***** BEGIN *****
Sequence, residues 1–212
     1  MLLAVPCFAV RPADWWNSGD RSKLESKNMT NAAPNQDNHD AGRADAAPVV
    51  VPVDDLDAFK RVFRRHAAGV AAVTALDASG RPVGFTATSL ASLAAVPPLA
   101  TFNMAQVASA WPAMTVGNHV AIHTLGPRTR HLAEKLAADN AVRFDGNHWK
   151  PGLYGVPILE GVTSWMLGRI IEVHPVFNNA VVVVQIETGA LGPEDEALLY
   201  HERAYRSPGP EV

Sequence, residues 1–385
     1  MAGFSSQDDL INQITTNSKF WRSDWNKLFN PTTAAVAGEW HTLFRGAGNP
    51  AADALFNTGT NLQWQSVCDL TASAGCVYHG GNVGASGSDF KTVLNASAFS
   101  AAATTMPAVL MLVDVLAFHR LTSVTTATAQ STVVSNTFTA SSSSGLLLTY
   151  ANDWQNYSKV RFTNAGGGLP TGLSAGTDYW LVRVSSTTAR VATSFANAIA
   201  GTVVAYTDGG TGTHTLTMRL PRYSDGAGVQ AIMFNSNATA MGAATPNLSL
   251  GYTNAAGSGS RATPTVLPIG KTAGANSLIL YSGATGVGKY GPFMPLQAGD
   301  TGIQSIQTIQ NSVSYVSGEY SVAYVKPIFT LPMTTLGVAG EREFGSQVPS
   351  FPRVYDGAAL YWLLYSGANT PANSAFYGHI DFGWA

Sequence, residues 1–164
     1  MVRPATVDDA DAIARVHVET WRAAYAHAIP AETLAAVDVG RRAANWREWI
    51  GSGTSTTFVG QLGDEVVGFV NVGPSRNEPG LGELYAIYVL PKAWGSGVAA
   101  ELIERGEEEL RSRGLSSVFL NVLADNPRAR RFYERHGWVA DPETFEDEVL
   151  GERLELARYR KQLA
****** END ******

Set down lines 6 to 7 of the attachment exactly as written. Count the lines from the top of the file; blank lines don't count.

   201  HERAYRSPGP EV

Sequence, residues 1–385